Category Archives: High School

New Guys By The Numbers 2017

1. Michael Porter Jr. – SF/PF – Missouri
Projected Draft: 2018
Projected DMX: 9.9

I’ve already discussed Porter as a potential #1 pick in last year’s write-up and in my FIBA recap and he now finds himself atop mock drafts on DraftExpress and However there is a groundswell among smart analysts and scouts that Porter is an overhyped scoring forward in the mold of Jabari Parker, Harrison Barnes, or Rudy Gay. Porter’s DMX projection tells a different story about how he stacks up among highly-touted combo forwards of years past.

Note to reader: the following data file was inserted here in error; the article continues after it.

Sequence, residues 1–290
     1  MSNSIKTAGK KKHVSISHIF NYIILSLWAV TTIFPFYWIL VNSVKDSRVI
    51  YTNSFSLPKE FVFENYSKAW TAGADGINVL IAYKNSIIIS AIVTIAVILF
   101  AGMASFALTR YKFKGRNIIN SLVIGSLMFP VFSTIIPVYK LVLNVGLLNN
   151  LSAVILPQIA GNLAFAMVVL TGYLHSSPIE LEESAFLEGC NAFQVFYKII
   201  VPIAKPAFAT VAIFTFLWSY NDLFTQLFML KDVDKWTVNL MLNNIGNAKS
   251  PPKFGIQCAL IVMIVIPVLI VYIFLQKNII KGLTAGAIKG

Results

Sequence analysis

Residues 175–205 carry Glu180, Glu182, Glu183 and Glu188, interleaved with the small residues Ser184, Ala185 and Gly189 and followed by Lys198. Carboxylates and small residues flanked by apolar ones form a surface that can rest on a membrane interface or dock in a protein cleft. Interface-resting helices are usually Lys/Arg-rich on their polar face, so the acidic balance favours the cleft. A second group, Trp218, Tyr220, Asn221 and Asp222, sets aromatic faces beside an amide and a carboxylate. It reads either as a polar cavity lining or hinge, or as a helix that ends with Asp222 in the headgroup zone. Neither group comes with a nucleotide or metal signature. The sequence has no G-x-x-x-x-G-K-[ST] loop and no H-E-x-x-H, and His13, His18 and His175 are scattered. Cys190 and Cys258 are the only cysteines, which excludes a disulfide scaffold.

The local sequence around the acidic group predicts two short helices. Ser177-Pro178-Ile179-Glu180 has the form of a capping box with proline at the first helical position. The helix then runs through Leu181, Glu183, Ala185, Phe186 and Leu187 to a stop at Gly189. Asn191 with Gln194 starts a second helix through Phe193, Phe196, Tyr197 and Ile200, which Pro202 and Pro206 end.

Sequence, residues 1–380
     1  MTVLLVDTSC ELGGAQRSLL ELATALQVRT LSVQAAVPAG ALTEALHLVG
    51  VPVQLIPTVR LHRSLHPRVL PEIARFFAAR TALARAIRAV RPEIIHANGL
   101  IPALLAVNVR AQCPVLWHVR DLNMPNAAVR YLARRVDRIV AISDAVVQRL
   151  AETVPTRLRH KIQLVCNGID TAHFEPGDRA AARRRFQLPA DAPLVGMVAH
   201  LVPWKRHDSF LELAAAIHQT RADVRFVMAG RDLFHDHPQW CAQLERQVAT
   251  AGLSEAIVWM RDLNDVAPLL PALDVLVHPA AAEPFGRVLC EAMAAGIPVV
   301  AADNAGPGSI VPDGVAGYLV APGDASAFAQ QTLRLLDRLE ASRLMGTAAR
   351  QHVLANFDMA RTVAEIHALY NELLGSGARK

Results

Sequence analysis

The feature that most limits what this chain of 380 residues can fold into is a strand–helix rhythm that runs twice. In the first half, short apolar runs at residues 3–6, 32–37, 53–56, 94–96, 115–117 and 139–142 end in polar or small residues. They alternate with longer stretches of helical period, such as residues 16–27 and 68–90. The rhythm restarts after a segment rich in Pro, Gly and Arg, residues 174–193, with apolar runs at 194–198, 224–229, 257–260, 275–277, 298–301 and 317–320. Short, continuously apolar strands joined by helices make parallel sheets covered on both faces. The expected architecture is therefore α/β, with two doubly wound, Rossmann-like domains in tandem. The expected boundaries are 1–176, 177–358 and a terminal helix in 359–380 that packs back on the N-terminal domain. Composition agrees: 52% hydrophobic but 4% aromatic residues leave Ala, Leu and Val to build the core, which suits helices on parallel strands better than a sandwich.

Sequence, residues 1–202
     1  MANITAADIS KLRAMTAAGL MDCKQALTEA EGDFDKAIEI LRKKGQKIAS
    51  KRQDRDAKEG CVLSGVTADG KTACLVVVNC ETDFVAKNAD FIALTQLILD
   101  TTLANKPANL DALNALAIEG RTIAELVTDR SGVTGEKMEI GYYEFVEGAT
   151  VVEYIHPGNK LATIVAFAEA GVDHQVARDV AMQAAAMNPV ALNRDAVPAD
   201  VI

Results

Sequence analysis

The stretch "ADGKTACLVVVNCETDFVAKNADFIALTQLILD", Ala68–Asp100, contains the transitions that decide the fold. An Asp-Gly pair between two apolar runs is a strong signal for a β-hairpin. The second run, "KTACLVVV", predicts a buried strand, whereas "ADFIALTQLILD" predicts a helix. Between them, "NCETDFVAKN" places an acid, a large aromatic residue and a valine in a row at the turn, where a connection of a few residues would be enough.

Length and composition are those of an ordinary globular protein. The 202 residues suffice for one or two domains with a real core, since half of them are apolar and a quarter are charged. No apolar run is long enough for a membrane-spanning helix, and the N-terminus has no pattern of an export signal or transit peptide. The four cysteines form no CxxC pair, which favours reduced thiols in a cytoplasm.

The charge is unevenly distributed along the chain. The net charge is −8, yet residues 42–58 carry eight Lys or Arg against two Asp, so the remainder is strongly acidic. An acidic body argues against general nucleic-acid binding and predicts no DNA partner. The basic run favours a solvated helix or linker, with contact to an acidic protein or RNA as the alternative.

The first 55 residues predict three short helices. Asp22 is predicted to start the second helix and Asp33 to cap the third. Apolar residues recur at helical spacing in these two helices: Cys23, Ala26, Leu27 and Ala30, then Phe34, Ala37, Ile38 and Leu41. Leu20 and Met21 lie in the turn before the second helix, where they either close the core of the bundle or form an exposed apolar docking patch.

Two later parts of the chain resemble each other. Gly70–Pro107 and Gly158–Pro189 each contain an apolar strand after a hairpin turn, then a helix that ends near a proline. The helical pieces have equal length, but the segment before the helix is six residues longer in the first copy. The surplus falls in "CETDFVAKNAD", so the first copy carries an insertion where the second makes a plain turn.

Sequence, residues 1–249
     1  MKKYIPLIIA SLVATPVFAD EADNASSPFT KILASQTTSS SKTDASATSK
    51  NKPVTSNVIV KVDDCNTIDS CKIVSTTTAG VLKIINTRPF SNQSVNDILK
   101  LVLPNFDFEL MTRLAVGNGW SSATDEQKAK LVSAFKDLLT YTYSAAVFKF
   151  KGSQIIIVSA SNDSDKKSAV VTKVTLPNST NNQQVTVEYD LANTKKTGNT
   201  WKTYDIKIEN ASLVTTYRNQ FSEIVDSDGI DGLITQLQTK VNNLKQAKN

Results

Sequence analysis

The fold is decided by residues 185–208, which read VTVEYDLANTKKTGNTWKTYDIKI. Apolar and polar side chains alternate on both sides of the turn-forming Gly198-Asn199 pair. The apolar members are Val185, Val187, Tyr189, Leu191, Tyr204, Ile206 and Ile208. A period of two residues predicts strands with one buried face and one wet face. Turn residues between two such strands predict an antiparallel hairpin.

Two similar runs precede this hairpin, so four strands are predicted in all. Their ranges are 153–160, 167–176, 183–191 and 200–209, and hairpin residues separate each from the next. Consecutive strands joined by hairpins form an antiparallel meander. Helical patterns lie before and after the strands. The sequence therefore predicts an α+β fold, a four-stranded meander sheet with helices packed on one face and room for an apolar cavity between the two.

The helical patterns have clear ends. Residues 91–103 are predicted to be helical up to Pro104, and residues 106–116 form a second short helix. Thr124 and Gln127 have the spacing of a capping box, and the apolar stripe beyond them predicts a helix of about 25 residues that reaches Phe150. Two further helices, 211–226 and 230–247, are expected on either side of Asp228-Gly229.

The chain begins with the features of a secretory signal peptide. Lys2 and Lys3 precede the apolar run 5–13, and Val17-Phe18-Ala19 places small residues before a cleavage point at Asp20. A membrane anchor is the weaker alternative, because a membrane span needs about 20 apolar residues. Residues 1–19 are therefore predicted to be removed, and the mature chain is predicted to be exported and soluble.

Screen Shot 2017-07-27 at 5.15.53 PM

The Michael Beasley comparison is valid but not too worrisome when you consider that Beasley became the worst possible version of himself because he wasn’t serious about playing basketball. I’d argue that another dice roll on a player with Beasley’s talent is about as likely to yield Kevin Durant’s career as it is another borderline NBA-er. The more likely outcome for Porter is Carmelo 2.0 or a rich man’s Jayson Tatum which I believe will make him worthy of a top two pick.

2. Mitchell Robinson – C – Western Kentucky
Projected Draft: 2018
Projected DMX: 9.6

A good trend to look for in NCAA recruits is their trajectory through high school. Since last summer, Mitchell Robinson went from an unranked Conference USA recruit to a potential one-and-done lottery pick, and his projection suggests that the consensus still hasn’t caught up to his talent level. My pre-season “hot take” is that Robinson will mirror Hassan Whiteside’s freshman year at Marshall and prove to be the best among an especially strong class of fives.